When Democrat Tom Udall decided to run for US Senate, it opened up New Mexico’s 3rd Congressional District seat for the first time in a decade.
Ben Ray Luján, who currently serves on the Public Regulation Commission, won a six-way primary in June and now faces Republican Dan East and Independent Carol Miller in the Nov. 4 general election.
We didn’t endorse Luján in the primary race and cited our concerns that Luján’s advantage in the contest stemmed from the deep political connections of his father, Speaker of the House Ben Luján. We also didn’t endorse him for PRC four years ago because we didn’t think he had either the qualifications or knowledge to do the position justice.
We endorse him now with some reservations, but far fewer than we might have expected. On the PRC, Luján has worked hard and emerged, along with Jason Marks, as one of the troubled body’s more progressive and active commissioners. And on the campaign trail, despite his ongoing advantage in terms of name recognition, money and, yes, family connections, Luján has taken nothing for granted. He has traveled the district repeatedly, his campaign has been accessible and positive and, over the last nine months, we believe Luján has made his case to the voters.
His time on the PRC has made Luján an enthusiastic proponent of the alternative energy solutions this state, and the nation, needs to embrace in the coming years. He is fully cognizant of the learning curve any freshman congressman will have, and we believe he is committed to learning and working hard for his constituents. He has pledged to continue Udall’s tradition of holding town halls when back in the state to keep in touch with 3rd District residents’ concerns. And we were pleased that Luján, who earned his bachelor’s degree from Highlands University just last year, is committed to furthering his education by pursuing a master’s degree and, down the road, tackling law school.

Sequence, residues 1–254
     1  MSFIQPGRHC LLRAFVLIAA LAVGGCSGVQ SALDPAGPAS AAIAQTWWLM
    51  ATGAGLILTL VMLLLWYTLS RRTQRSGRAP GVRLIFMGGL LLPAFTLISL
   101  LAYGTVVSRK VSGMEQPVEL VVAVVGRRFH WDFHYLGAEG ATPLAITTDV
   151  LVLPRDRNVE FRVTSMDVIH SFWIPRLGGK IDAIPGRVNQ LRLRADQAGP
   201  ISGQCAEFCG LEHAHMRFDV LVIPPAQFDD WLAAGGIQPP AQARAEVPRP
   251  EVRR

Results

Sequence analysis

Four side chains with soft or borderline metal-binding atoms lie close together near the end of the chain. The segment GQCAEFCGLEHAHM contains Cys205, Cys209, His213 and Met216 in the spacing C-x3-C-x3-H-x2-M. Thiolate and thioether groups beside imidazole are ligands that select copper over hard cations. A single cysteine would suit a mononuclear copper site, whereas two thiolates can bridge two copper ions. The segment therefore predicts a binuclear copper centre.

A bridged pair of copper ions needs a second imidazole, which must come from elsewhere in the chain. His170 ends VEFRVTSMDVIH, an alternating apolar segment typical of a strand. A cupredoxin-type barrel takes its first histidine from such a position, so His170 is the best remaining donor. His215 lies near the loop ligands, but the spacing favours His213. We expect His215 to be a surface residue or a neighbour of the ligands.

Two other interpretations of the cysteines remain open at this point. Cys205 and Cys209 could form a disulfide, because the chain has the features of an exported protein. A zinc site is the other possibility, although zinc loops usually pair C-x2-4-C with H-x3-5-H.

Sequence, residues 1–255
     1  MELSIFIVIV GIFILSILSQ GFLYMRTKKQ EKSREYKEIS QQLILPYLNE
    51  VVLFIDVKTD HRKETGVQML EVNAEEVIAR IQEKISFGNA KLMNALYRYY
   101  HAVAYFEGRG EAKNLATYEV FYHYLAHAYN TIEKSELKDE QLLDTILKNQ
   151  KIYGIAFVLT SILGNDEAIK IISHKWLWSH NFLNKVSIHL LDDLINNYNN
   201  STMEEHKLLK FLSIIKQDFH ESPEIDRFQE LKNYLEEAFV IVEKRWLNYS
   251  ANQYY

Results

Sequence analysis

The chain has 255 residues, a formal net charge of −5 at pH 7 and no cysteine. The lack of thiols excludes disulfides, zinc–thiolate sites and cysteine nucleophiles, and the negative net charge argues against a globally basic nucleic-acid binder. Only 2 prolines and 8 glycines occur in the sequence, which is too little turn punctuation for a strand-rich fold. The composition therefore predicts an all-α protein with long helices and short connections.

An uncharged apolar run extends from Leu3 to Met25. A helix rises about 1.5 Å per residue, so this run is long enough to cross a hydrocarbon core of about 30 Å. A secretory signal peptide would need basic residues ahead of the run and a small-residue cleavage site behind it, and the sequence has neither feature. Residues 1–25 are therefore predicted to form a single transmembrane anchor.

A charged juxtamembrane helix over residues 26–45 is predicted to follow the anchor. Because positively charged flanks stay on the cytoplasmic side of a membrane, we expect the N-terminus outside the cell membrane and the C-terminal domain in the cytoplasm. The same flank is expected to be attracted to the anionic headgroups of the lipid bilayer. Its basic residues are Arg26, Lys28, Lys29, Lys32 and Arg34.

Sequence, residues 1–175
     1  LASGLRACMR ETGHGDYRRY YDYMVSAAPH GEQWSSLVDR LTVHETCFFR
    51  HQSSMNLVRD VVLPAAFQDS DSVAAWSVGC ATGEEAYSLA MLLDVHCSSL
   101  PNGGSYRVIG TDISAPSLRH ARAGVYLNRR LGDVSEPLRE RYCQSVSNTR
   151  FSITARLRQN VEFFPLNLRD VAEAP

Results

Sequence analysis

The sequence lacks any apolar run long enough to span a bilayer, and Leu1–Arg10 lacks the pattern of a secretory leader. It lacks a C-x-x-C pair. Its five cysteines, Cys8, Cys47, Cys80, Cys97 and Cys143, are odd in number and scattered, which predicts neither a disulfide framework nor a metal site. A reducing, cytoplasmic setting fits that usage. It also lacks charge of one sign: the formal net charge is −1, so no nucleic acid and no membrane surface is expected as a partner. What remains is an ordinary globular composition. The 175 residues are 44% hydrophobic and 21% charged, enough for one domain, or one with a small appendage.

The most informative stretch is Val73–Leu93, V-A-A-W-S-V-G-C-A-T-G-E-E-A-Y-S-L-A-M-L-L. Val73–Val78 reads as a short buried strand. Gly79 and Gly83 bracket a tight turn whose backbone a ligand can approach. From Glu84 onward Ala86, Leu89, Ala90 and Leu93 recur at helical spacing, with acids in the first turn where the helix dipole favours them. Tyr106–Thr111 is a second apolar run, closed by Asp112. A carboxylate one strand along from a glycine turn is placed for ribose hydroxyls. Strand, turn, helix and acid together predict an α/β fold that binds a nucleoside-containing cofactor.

We also interviewed Independent Carol Miller, who we have found over the years to be a smart health-policy wonk with many years of experience working in Washington, DC. Given the many registered Independent voters in Santa Fe County, it’s conceivable Miller could dent Luján’s numbers and voters could inadvertently send to Congress Republican Dan East (Miller has played this role before, after all). This would be a mistake: East is a candidate who supports the war in Iraq and has yet to be convinced that global warming even exists. Further, neither East nor Miller have any experience as elected officials. While Luján’s experience may not be long-standing, he does, at least, have under his belt four years of representing people at that level.
Miller also has publicly raised as an issue Luján’s tenure on the PRC and his employment in the state Treasurer’s Office, both agencies plagued by Democratic corruption. Luján has never been connected, at all, to these scandals. And while it’s true, as Miller notes, that he didn’t ring a bell about them, neither did anyone else within the agencies. Guilty by association, or proximity, is a tactic at play in the presidential election as well, and not one to which we think voters should give credence.
But perhaps another deciding factor is that Luján, both on the PRC and the campaign trail, continues to exceed our expectations. The candidate we interviewed this month had more developed views and knowledge than the one we talked to last spring. At 36, Luján is young and relatively green as a policy maker, but he shows every sign that he could develop into a strong leader for a district he knows and about which he clearly cares.
Finally, though it’s not a deal-breaker, Luján’s election will mean that at least one member of New Mexico’s delegation will be Hispanic—which has not been the case for many years. We think it is fitting for New Mexico to represent the diversity of our state and the country in this way.
Wish Ben Ray Luján luck; he is probably on his way to Washington, DC. And keep an eye on him—we intend to.
Web extra: Watch Ben Ray Luján talk about presidential nominee Barack Obama: